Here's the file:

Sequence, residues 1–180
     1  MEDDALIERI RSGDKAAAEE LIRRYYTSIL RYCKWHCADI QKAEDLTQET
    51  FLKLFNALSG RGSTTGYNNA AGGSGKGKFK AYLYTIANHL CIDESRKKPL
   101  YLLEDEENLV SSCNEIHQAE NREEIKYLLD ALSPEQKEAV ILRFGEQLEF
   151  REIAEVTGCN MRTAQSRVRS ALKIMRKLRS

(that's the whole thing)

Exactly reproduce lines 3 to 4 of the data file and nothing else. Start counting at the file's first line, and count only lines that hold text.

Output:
    51  FLKLFNALSG RGSTTGYNNA AGGSGKGKFK AYLYTIANHL CIDESRKKPL
   101  YLLEDEENLV SSCNEIHQAE NREEIKYLLD ALSPEQKEAV ILRFGEQLEF